I've just finished David Bell's What Nuns Read. (marking off books from my to-read list) Most of the book is a complete list of manuscripts that can be attributed to English nunneries, preceded by a short analysis of finances, literacy, and other issues. The analytic chapters have some good hard numbers, including incomes of women's monasteries, comparisons of those incomes to the annual wages of laborers, information on costs of books, and so forth. For English nuns, Bell concludes, there is better evidence of literacy and book-reading than has generally been supposed. Even in Latin, in spite of frequent medieval complaints that nuns are not sufficiently Latin-literate. He points out, also, that similar criticisms are being directed at monks at the same time, so it's not as if late medieval monks were preserving some better state of literacy and composition than nuns were.
What about nuns on the continent? As far as I know there is no comparable study and book-list for any region. Alison Beach has done some work on women and book production in Germany (more for the to-read list), and there are several other scholars who have worked on nuns' writing and artistic production there. Fiona Griffiths' book on Herrad of Hohenburg makes a case for a high level of literacy, indeed of theological sophistication, on the part of Herrad, and perhaps others of her nuns. This case might be quite exceptional, however. The various nuns and communities which produced spiritual treatises (such as Helfta), may also be quite exceptional. So, some communities might be especially noted for learning: what about other houses, especially smaller and poorer ones?
Any monastery had to have some books. In the first place, a monastery required books to perform the liturgy. Bell notes that over half of the surviving manuscripts of English nunneries were liturgical. One might expect similar figures for medieval survivals elsewhere. Except that in Catholic Europe, the liturgy was substantially revised by the Council of Trent in the mid-16th century. Older books were in many cases discarded as the new ones came in, especially older books that had no particular artistic merit and therefore didn't seem worth keeping. Thrifty religious sometimes recycled such outmoded books as end-papers for new ones.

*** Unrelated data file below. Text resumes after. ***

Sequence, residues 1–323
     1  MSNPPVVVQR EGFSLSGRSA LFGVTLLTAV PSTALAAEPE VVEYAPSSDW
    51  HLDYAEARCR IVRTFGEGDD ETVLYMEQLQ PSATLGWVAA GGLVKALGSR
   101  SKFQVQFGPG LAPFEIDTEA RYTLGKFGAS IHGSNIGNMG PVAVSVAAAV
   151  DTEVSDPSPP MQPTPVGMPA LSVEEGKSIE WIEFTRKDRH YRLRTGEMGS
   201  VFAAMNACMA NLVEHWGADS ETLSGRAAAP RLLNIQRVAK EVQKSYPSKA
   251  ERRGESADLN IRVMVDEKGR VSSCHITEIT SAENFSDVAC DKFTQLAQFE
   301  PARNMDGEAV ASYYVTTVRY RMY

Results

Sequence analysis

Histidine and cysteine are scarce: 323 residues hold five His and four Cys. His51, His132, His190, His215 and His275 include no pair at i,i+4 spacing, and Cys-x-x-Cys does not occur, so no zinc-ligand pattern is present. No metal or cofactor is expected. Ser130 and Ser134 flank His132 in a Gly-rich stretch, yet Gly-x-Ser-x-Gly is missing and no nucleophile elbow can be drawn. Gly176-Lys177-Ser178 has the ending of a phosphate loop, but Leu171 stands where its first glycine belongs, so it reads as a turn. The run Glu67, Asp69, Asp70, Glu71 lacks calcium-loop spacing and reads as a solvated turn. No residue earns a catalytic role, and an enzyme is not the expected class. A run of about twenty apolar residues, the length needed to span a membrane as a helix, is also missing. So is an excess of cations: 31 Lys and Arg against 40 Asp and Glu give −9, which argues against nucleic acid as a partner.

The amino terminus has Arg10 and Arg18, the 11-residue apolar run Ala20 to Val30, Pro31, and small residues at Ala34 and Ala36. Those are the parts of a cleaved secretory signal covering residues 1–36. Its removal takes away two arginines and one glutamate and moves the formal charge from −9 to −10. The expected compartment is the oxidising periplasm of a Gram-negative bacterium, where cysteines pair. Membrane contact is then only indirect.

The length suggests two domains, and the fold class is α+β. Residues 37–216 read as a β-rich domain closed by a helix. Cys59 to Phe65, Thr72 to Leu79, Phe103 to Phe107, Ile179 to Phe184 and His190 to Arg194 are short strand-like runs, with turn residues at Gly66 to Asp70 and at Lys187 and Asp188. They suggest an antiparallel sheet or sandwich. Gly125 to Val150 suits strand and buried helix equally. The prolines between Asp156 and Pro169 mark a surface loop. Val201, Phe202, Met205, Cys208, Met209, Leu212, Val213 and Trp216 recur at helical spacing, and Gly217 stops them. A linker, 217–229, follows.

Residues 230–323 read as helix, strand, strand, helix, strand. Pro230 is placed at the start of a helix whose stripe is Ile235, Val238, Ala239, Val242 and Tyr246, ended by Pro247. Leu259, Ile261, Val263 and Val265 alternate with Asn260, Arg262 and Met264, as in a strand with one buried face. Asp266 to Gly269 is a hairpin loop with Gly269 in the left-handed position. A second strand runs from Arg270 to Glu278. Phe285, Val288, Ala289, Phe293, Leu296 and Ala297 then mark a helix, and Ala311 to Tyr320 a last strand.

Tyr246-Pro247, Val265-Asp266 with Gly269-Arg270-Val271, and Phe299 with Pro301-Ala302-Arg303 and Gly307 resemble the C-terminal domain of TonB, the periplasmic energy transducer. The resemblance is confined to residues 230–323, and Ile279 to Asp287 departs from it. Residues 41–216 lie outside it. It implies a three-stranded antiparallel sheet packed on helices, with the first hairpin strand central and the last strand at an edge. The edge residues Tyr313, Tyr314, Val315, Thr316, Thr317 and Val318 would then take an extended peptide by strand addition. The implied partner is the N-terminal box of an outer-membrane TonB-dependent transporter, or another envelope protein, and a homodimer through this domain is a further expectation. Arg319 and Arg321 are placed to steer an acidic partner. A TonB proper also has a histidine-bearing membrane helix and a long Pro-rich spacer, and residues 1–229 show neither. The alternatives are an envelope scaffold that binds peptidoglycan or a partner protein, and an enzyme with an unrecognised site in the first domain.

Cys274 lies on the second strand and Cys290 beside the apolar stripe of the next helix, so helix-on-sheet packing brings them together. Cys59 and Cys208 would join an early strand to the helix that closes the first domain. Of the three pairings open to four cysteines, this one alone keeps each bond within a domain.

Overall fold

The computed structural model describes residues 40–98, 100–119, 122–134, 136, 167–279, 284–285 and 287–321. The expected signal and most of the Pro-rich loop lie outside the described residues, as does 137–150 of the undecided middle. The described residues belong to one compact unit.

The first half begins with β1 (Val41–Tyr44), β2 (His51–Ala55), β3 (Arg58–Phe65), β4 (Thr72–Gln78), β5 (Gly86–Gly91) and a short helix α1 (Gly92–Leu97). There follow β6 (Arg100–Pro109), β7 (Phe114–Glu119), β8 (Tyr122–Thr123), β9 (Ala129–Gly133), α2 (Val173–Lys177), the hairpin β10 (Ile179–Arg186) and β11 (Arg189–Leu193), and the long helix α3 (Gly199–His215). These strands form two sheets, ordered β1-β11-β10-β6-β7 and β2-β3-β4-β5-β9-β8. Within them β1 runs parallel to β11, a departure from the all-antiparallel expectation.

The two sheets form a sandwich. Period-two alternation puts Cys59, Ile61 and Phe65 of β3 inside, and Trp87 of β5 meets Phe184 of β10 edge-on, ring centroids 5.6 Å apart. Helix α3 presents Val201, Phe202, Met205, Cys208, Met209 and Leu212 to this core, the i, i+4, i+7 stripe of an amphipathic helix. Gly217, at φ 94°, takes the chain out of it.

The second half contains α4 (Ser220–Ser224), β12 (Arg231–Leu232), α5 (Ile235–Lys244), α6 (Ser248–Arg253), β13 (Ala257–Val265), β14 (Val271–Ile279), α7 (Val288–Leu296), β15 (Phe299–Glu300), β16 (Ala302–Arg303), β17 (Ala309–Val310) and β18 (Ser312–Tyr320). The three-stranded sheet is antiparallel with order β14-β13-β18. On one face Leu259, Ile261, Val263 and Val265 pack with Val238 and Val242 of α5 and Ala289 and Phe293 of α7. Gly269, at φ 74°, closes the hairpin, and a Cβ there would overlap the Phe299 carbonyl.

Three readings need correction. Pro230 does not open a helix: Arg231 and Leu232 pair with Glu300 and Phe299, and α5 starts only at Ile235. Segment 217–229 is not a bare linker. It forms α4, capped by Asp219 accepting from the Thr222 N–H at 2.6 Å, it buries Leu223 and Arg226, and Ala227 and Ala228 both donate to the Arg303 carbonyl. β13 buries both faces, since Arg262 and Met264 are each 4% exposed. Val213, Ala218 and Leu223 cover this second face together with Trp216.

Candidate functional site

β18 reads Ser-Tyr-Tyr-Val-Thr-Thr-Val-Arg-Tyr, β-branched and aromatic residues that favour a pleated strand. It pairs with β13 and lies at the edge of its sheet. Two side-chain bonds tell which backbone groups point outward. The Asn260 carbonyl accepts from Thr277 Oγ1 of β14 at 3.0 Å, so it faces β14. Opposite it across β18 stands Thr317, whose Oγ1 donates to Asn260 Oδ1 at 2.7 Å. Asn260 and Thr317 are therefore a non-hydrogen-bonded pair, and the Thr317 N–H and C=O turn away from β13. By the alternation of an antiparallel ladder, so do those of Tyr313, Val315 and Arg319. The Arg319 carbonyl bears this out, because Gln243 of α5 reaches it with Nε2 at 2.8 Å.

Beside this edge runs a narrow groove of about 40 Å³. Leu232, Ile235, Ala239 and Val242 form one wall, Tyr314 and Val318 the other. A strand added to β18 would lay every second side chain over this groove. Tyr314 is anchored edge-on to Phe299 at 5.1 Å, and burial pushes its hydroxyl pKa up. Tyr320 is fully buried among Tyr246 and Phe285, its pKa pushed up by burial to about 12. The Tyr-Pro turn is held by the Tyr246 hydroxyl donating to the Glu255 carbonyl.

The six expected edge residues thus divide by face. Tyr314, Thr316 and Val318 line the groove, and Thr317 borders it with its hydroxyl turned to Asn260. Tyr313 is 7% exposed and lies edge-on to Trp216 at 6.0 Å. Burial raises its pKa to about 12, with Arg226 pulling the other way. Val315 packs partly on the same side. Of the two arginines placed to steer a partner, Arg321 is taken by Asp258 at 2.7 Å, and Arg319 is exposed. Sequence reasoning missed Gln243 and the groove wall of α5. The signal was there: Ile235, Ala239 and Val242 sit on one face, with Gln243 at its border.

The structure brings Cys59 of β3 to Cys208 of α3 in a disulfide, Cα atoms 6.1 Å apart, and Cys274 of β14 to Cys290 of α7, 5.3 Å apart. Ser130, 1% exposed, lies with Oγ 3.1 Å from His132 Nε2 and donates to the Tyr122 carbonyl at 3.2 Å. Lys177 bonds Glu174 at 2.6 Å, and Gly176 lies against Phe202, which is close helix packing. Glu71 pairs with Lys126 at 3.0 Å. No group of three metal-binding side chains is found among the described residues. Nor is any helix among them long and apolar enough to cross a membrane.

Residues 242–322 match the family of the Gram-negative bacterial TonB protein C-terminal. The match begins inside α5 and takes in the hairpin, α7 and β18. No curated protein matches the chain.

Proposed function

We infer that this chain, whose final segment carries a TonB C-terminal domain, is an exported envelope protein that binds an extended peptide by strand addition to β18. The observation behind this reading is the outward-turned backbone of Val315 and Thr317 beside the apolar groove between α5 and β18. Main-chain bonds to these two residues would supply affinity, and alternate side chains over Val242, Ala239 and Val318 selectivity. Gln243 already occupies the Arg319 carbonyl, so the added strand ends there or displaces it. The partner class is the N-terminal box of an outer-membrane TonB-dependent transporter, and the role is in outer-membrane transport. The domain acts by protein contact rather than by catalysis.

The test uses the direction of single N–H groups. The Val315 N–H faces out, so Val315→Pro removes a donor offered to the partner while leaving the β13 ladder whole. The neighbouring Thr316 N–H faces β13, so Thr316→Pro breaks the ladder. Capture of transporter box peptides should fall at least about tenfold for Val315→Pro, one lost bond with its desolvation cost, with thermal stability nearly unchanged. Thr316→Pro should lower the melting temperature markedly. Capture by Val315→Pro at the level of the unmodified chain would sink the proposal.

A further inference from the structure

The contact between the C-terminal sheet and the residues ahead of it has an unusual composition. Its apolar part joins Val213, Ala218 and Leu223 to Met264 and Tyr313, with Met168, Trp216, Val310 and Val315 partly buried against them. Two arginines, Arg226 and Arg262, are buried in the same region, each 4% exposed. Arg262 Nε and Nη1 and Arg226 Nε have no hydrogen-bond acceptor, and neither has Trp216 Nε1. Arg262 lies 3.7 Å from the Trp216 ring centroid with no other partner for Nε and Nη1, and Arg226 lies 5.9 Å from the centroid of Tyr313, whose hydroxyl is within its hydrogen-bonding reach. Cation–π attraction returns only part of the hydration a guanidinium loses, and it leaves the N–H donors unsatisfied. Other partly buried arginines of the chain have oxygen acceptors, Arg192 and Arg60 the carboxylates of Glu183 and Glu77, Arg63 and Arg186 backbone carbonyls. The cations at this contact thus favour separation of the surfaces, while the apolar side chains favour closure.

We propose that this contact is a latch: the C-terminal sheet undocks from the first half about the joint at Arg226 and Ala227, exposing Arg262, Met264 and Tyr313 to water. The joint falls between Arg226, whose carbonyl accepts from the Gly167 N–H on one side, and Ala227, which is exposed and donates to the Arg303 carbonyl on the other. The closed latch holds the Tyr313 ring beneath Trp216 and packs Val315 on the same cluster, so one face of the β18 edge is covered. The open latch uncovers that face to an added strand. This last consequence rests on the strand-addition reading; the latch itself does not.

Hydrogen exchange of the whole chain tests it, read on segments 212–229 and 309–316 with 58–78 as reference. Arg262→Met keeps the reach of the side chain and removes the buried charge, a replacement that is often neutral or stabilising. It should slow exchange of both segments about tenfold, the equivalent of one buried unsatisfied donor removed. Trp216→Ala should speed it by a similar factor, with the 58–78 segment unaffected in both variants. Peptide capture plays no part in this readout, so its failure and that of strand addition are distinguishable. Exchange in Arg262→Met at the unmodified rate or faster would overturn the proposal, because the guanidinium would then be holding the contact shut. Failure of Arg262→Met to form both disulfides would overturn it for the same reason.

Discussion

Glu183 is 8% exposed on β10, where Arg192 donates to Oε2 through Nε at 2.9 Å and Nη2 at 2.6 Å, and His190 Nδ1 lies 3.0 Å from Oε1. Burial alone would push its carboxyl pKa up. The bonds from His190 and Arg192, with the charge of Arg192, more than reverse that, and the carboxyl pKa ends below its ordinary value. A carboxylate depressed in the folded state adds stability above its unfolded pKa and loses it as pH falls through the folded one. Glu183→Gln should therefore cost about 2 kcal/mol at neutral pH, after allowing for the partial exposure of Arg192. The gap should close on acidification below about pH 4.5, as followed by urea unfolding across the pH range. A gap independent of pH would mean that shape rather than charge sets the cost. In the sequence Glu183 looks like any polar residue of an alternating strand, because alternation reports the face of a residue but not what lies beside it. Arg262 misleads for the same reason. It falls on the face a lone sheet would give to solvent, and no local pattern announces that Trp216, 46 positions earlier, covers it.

In the second place, a community following the Benedictine rule was supposed to distribute one book annually to each member, and this was to be read over by the nun or monk during the year and then returned. By this logic, even a small house ought to have at least as many non-liturgical books as it had members.
For the Iberian kingdoms there seems to be not much known about writing, literacy, or book ownership among nuns at any point in the Middle Ages. One house I've done research on kept large numbers of medieval charters, but its archive has no medieval books. Another, in contrast, has many liturgical books and a few other devotional books still in its own archive. The dislocations of the 19th and 20th centuries might have caused books to be lost or destroyed, or moved into larger collections. Some translations of the Benedictine rule into Catalan might have been made for a women's monastery, for example. There is, I think, a lot that could be done on this topic, though I don't know if I am the right person to do it.
A parting note: a lengthy article on the Benedictine congregation in Catalonia indicated that copies of the orders constitutions were kept in the two largest nunneries associated with the congregation. Why them particularly? Is that somehow a testament to the quality of the nuns' libraries or record-keeping?
Apologies for the somewhat disconnected thoughts, I am still feeling my way on these questions.